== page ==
Every time Trump seeks retribution through Justice, as he has on multiple occasions, the risk of protest resignations arises, impairing the effective operation of the entire federal legal system. In such circumstances, who would serve in a Trump Justice Department? The same question applies across the federal bureaucracy.

The New York and Georgia indictments are more complicated. Trump has no authority to direct them, nor can he pardon himself, because they are not federal cases. What would he do if convicted and sentenced? Quite possibly, he would simply reject such outcomes (particularly if they involved jail time), arguing, typically, that they were “witch hunts”, and refusing to accept the validity of the legal results.

Impeachment may be only remedy

What then? How do state or local officials deal with an incumbent president contesting their jurisdiction and authority? And who at the national level would assist them? Yet again, impeachment may be the only remedy.

Because of that possibility, Congress will be in constant agitation during a second Trump incumbency: constant combat with Trump over his legitimacy in office will distract America from pending threats, especially internationally, where his attention span is already perilously short.

Beyond Justice, the entire “deep state” will face comparable tribulations. Trump’s prior clashes with national security bureaucracies are well known. Who will be willing to serve there as political appointees, and who among them could expect easy Senate confirmation?

Trump is completely comfortable with extraordinary personnel turnover, partly because he has no idea what is required to steer the massive federal bureaucracy, and partly because high turnover means he alone remains the centre of attention. Trump is not focused on reducing the federal government’s size and scope so much as on achieving objectives personal to him, particularly retribution. In consequence, vast portions of the national security machinery may simply grind to a halt in a second Trump term. We are entirely in uncharted territory.

Deviations from conservative norms

There is no “Trumpism”. His lack of philosophy and inability to reason in policy terms leaves him uniquely susceptible to dramatic shifts in his “positions”, and certainly in his rhetoric. If his self-interested cost-benefit analysis of something changes, his “policy” view changes accordingly, and quickly. This is a major contributing factor to Trump’s endemic untrustworthiness and unfitness for the presidency.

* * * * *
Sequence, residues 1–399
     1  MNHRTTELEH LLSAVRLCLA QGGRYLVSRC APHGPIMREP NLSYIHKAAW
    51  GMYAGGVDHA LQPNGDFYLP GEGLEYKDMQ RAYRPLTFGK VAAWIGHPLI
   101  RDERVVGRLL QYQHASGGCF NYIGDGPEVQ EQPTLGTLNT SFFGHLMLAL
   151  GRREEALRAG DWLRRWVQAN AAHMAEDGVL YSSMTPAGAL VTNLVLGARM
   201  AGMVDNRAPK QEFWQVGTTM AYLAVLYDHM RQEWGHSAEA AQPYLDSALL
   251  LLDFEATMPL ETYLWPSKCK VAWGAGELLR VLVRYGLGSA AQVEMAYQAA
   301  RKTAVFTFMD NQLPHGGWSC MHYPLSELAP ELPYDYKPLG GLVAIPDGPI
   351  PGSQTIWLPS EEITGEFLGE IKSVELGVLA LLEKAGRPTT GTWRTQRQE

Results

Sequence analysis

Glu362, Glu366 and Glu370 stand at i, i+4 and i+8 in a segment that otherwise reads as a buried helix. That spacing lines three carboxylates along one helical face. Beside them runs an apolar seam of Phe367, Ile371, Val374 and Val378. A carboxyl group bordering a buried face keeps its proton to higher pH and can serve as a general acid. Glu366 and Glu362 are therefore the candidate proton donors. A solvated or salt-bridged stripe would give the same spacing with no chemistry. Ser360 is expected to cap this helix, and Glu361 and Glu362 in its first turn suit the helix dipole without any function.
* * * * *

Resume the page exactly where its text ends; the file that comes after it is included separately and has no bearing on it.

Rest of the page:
Examples of his deviations from conservative norms already abound, as in 2016 when Trump said, “I could stand in the middle of Fifth Avenue and shoot somebody and I wouldn’t lose voters,” this is hardly a law and order position. Nor is his solicitude for Jan 6 rioters, including hosting a fundraiser at his Bedminster resort and pledging to contribute to their legal defence fund.

“There have been few people that have been treated in the history of our country” like these defendants, he said, incorrectly. Had they really been Antifa members, he would have favoured maximum sentences. The consistent conservative view is straightforward: Whatever the politics of those who invade the Capitol to disrupt Congress’s orderly functioning, they should serve maximum prison terms without parole.

Trump’s ineligibility for a third term (which could be changed only by constitutional amendment) inhibits him in some respects. But in other ways, it also frees him from political constraints. In my experience, when substantive policy arguments made no headway, Trump was often persuaded by arguments based on personal political benefit. Because he need not fear the challenges of another presidential election, the political constraints around him are much looser, and the real “guardrail” of voter opinion will be minimised.

Moreover, he will be hearing endlessly about his “legacy”, a message with an uncanny ability to turn the heads of public officials away from philosophical and policy goals toward their own self-enhancement. How far astray he will go is unknowable, but his record indicates that conservatives supporting Trump because they believe he is one of them, could be quite surprised after four more years.

This article was first published in The Telegraph on February 3, 2024. Click here to read the original article.

Abolish UNRWA

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By John Bolton

The world undoubtedly was startled to learn that staffers of the United Nations Relief and Works Agency participated in Hamas’s barbaric Oct. 7, 2023, attack on Israel. U.N. Secretary-General Antonio Guterres pledged a full investigation, and several countries, including the United States, suspended funding to UNRWA.

Washington should demand far more than just further revelations about UNRWA involvement in Oct. 7’s tragic events.